Is Risk Management too Much for Mere Mortals?
Hewlett-Packard's(HPQ) board seemed befuddled by then-CEO Leo Apotheker's decision to sell off HP's core PC business.
Incredible experts of investment, J.P. Morgan Chase's(JPM) Jamie Dimon and Ina Drew were unable to understand the $2 billion gamble, er, investment, they made.
MF Global's chief, former New Jersey senator and governor and former Goldman Sachs(GS) CEO Jon Corzine had a problem misplacing $1.6 billion.
And the list goes on....
It seems the most blatantly obvious issues that could risk the downfall of millions of employees, investors and other stakeholders were unpredictable, unknown or incomprehensible for even the smartest people in America.
Excuse the hyperbole, but surely when the best and brightest and most powerful can't get it right, how can the Securities and Exchange Commission and Department of Justice go after any company for not getting it right?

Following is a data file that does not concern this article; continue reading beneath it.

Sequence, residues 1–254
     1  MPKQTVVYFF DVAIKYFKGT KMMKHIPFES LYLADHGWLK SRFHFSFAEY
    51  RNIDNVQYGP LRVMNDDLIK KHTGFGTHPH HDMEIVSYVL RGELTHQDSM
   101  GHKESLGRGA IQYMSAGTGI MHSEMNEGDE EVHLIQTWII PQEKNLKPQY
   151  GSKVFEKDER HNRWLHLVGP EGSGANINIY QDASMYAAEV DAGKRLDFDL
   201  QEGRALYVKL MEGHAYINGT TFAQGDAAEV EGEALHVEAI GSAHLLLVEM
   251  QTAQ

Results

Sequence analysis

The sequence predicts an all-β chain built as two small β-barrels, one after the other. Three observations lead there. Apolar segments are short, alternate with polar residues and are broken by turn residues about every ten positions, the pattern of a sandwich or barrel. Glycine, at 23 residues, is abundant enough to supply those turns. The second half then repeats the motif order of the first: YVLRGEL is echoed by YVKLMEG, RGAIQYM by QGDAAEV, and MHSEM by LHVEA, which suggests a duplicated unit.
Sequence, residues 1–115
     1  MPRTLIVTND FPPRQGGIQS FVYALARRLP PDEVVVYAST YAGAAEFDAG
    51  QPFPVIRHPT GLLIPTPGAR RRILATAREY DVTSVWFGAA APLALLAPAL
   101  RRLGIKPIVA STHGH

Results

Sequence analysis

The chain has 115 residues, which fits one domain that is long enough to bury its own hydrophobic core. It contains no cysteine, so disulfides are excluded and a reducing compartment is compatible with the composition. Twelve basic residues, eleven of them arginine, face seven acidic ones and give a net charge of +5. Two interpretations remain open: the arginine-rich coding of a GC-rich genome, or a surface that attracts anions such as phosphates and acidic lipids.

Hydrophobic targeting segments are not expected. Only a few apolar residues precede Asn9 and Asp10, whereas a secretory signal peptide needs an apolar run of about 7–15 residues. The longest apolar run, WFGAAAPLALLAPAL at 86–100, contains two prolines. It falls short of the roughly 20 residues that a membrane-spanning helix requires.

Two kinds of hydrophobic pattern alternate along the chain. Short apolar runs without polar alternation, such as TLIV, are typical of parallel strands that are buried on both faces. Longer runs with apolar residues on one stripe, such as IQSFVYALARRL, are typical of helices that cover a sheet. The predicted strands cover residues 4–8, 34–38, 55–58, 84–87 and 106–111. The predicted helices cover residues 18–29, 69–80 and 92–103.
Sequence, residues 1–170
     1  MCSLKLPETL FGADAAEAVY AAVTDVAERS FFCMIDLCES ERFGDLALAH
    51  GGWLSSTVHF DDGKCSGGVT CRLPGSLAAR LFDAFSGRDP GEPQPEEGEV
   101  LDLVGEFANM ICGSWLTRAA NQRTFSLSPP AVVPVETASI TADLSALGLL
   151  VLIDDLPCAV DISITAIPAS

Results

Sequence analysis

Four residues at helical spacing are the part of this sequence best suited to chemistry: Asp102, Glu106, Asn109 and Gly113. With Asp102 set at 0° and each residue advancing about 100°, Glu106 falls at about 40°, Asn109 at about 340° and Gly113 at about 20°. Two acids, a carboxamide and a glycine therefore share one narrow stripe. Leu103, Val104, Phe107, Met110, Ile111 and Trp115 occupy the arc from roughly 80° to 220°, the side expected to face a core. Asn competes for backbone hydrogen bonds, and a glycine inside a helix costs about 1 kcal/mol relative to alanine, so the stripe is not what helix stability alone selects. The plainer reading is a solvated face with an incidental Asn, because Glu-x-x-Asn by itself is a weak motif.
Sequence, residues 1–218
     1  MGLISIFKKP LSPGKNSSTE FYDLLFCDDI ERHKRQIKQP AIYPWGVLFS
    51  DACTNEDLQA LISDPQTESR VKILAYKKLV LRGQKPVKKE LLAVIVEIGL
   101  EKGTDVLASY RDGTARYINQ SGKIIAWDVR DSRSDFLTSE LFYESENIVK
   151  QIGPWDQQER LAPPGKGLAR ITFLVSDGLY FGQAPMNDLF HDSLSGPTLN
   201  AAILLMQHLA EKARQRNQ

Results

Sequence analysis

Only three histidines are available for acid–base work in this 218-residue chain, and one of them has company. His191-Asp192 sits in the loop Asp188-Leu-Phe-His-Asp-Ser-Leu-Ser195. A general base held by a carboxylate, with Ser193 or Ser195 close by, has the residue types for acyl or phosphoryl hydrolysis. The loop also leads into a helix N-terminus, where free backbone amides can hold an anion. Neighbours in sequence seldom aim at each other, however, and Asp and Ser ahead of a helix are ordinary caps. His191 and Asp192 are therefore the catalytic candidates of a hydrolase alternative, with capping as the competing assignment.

Is risk management too much for mere mortals?
Maybe the billions of dollars invested in salaries, hardware, software, consultants, lawyers, accountants and enforcement is simply a waste.
But wait a minute: Isn't risk about deciding, "Does the upside outweigh the downside?"
No, most executives seem to think it's about, "Is the worst likely to happen and, if so, can we survive it?"
These are two different views. The former is common sense while the second is gambling on survivability.
The first scenario says, "Our reputation is too important to jeopardize on this move, decision, etc."
The second scenario of likelihood and survivability yields settlements and calculated gambling that begging forgiveness and paying a fine is "the cost of doing business."
The reality is there is no crystal ball for predicting a catastrophe, but there certainly is common sense board governance and CEO leadership that should avoid risk by "putting it all on black 22."
Risk is not gambling, or it least it shouldn't be.
Risk is knowing the value of your company and determining the values that will govern its sustainability and growth.
Risk is honoring the obligation of stewardship that requires prudence, discipline and strong discernment between opportunities and distractions disguised as "sure things," which never are.